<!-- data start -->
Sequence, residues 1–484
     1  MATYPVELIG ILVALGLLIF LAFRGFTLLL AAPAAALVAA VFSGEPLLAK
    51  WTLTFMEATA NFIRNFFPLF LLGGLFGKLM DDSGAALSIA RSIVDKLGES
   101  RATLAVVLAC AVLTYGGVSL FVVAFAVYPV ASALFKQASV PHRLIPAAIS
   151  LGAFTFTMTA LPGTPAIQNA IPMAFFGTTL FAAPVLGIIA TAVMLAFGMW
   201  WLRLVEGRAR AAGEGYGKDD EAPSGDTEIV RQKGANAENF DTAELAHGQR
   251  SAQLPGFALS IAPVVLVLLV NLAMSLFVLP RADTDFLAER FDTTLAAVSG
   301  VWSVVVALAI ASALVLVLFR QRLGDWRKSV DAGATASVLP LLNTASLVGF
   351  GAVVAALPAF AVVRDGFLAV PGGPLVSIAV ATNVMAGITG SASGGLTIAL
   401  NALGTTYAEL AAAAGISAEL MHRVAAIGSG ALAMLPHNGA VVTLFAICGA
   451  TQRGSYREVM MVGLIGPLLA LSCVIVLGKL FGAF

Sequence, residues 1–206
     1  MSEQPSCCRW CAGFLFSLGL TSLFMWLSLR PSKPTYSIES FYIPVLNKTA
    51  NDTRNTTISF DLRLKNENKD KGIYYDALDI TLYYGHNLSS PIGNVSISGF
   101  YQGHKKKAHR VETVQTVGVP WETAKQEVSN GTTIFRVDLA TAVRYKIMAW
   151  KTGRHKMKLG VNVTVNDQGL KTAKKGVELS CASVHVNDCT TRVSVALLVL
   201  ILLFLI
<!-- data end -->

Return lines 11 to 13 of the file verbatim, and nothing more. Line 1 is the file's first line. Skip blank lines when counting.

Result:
   451  TQRGSYREVM MVGLIGPLLA LSCVIVLGKL FGAF

Sequence, residues 1–206
     1  MSEQPSCCRW CAGFLFSLGL TSLFMWLSLR PSKPTYSIES FYIPVLNKTA